Back in October I was asked to design a three hour workshop for senior managers based at Canary Wharf. The idea was to give a greater understanding of the issue along with some ideas, tools to use and signposting. The workshop finally took place on 4 December on a grey rainy day in London.
It’s easy to turn these things into ‘lectures’ making the subject matter boring and the absorption of information practically nil! I focused on three core areas:
First: What actually does the term mental health stand for? is it positive/negative? can we see it/feel it? how does it manifest itself and is this different if we are working with people we manage, our peers of our senior managers? This section involved drawing a manager and an employee – the artwork was very good!! – some case studies and open discussion around the flow of mental health stages.
Second: In this section we looked at what we could do in situations where we noticed there was an issue, how to start those conversations and how to handle the situation is we didn’t have time to have that conversation immediately. We looked at a film of what employers have implemented for the staff – taking away the mystic of ‘adjustments’ We tackled the language we use. Remember back when you was at school and the awful names children called each other. If you compiled two lists one with ‘neutral’ terms to describe poor mental health and one to describe ‘offensive’ terms – you’d have a full page for the second and only a few for the first – we have a lot to learn. We thought about the reasons we don’t intervene as managers and why we don’t declare as employees.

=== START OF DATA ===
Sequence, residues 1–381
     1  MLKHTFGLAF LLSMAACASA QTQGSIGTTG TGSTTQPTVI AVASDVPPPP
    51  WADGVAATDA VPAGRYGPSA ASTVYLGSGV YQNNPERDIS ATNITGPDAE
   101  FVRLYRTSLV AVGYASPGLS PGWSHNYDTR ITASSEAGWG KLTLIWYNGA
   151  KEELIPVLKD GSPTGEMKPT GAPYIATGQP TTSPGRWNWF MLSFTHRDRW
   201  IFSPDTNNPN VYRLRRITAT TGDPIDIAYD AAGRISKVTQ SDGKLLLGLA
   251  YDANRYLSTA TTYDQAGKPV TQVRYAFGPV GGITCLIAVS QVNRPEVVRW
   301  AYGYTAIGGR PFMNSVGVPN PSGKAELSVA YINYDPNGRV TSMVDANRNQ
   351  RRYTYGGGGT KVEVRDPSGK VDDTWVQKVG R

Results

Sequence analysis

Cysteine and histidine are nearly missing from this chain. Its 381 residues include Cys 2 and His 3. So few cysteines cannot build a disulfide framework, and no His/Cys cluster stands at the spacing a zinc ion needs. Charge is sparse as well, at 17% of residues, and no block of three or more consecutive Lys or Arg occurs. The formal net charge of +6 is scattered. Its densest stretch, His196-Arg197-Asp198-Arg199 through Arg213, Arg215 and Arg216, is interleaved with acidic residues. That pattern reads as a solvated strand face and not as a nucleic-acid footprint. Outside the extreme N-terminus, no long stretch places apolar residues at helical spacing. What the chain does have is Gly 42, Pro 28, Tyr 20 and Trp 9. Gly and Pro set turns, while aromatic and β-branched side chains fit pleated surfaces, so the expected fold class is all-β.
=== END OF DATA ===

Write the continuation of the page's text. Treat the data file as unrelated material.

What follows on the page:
Third: Before re-capping we looked at how we sometimes put ourselves and those we manage at work under pressure. Asking for a quick decision can often be the wrong thing to do. We will answer using our primal brain which is only good for yes/no thoughts. Giving ourselves and others time to think through things, weight up potential consequences will often give the right answer and take the stress away from people. We considered the need to not worry about diagnosis or symptoms but to be aware of a change in someone and start a conversation. We ended with an exercise in really listening to Matchbox Twenty’s song ‘Unwell’ which sums up the facts of mental health – it’s a very small part of someone.
Lots of signposting, handouts and questions following. The three hours was interactive, enjoyable and flew past!